Social security and social plan

As the country is stark with high levels of poverty and inequality, the structural changes in the economy have exarcabetated the situation, as many people lose jobs in the formal sector of the economy. Poverty remains a concern, especially amongst families and largely it affects the growth of children.

One of the major fiscal successes achieved over the last few years by the movement has been the capacity to divert resources to direct poverty relief activities. The introduction of the MTEF as the basic budgeting method is also a factor in these changes. However, as resources became available it was decided to focus on specific poverty relief projects in the form of Community based Public Works programs, Working for Water, Clean and Green Living Campaign and the Land Care Campaign, which provide jobs for women and youth in the rural areas and are also linked to infrastructure development.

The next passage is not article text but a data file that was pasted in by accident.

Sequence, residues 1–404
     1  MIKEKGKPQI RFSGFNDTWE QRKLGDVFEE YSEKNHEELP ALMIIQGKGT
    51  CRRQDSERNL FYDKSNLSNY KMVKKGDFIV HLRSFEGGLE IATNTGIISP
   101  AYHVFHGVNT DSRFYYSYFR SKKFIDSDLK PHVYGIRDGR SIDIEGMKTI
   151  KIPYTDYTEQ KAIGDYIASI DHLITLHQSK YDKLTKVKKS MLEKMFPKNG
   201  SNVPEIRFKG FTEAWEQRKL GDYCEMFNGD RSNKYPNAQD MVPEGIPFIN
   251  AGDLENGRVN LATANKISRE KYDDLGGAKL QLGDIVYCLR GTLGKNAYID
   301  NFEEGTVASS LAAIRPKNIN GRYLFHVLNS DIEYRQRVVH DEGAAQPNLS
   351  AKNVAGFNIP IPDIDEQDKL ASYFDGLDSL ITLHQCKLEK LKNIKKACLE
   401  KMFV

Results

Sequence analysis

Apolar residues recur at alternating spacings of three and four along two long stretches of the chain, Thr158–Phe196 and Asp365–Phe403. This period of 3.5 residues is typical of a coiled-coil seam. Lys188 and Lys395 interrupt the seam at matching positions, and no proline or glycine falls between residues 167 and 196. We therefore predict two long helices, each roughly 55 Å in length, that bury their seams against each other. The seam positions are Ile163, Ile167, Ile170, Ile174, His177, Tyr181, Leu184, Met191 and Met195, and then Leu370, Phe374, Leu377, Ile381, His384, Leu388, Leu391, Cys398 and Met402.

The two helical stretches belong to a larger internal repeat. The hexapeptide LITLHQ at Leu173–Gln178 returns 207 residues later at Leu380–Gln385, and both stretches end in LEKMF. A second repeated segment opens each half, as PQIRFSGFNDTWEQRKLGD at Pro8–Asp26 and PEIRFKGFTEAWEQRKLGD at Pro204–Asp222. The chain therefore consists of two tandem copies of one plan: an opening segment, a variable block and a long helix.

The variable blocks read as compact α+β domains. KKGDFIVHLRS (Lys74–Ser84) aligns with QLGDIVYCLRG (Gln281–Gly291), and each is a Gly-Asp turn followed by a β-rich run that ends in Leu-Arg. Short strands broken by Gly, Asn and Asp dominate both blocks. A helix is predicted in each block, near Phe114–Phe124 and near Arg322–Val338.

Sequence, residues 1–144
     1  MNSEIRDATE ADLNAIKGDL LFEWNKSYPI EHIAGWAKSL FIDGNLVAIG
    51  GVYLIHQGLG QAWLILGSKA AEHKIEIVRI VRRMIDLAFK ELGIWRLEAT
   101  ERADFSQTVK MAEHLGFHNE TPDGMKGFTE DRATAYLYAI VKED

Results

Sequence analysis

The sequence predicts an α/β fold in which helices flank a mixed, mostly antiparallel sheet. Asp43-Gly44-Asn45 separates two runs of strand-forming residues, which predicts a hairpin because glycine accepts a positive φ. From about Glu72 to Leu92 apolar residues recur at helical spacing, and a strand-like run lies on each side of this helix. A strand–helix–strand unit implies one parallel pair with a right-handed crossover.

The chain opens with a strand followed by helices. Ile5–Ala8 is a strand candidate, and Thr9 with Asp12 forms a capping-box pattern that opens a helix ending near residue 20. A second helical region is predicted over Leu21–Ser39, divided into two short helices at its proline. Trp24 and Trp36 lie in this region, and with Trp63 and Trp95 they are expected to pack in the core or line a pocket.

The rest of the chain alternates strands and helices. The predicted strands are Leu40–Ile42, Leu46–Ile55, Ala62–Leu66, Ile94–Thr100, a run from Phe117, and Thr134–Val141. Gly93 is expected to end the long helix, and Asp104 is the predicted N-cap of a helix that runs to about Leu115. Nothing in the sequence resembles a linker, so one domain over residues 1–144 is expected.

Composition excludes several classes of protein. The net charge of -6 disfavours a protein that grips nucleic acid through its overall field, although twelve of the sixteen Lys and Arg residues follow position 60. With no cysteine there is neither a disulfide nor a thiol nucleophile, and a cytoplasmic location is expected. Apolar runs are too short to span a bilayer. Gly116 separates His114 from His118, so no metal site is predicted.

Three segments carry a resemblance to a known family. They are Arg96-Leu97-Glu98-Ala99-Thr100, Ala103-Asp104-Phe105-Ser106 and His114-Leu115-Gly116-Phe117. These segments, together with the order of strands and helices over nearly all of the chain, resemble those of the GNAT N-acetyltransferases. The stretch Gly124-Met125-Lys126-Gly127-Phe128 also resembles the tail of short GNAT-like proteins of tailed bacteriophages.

The review on the social security system is an endeavor to establish relevant and sustainable safety nets to protect the vulnerable and the vulnerable and the unemployed in the era of globalization. These conditions can be offset by an integrated redistribution strategy. We should effect redistribution strategy through education and training, these are the policies that can largely foster equal opportunities. The strategy, in the long term must as far as possible, reduce the number of people who remain in need of state social and poverty relief grants.

International engagement

Under the circumstances of severe inequality in the global governance and distribution of resources, do we abandon the ship of global integration or not.